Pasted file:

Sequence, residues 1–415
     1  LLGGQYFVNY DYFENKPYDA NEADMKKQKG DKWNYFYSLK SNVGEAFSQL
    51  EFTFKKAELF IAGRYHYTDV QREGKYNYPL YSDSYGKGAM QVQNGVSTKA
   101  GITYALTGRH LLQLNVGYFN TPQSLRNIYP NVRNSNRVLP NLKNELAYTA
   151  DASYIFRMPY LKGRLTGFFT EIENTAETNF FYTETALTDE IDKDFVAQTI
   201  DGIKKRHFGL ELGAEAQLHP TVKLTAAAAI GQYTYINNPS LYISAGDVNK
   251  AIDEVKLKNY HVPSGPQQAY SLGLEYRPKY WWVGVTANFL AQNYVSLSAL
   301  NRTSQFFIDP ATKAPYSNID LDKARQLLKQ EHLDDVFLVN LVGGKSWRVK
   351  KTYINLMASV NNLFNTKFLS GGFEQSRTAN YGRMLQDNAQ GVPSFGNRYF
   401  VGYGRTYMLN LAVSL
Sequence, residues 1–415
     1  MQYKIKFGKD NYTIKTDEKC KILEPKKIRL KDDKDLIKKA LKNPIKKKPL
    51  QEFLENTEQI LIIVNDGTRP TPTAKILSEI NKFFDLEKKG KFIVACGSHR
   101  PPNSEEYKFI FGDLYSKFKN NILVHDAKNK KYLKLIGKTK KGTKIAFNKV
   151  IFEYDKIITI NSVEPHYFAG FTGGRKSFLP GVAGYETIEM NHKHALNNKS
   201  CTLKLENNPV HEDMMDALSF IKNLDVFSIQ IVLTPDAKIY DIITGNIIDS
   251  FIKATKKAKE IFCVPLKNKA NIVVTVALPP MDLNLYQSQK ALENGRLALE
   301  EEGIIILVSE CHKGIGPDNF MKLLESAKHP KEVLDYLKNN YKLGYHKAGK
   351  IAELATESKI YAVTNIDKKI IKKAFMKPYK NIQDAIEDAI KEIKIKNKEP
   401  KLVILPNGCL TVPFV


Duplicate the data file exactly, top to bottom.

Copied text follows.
Sequence, residues 1–415
     1  LLGGQYFVNY DYFENKPYDA NEADMKKQKG DKWNYFYSLK SNVGEAFSQL
    51  EFTFKKAELF IAGRYHYTDV QREGKYNYPL YSDSYGKGAM QVQNGVSTKA
   101  GITYALTGRH LLQLNVGYFN TPQSLRNIYP NVRNSNRVLP NLKNELAYTA
   151  DASYIFRMPY LKGRLTGFFT EIENTAETNF FYTETALTDE IDKDFVAQTI
   201  DGIKKRHFGL ELGAEAQLHP TVKLTAAAAI GQYTYINNPS LYISAGDVNK
   251  AIDEVKLKNY HVPSGPQQAY SLGLEYRPKY WWVGVTANFL AQNYVSLSAL
   301  NRTSQFFIDP ATKAPYSNID LDKARQLLKQ EHLDDVFLVN LVGGKSWRVK
   351  KTYINLMASV NNLFNTKFLS GGFEQSRTAN YGRMLQDNAQ GVPSFGNRYF
   401  VGYGRTYMLN LAVSL
Sequence, residues 1–415
     1  MQYKIKFGKD NYTIKTDEKC KILEPKKIRL KDDKDLIKKA LKNPIKKKPL
    51  QEFLENTEQI LIIVNDGTRP TPTAKILSEI NKFFDLEKKG KFIVACGSHR
   101  PPNSEEYKFI FGDLYSKFKN NILVHDAKNK KYLKLIGKTK KGTKIAFNKV
   151  IFEYDKIITI NSVEPHYFAG FTGGRKSFLP GVAGYETIEM NHKHALNNKS
   201  CTLKLENNPV HEDMMDALSF IKNLDVFSIQ IVLTPDAKIY DIITGNIIDS
   251  FIKATKKAKE IFCVPLKNKA NIVVTVALPP MDLNLYQSQK ALENGRLALE
   301  EEGIIILVSE CHKGIGPDNF MKLLESAKHP KEVLDYLKNN YKLGYHKAGK
   351  IAELATESKI YAVTNIDKKI IKKAFMKPYK NIQDAIEDAI KEIKIKNKEP
   401  KLVILPNGCL TVPFV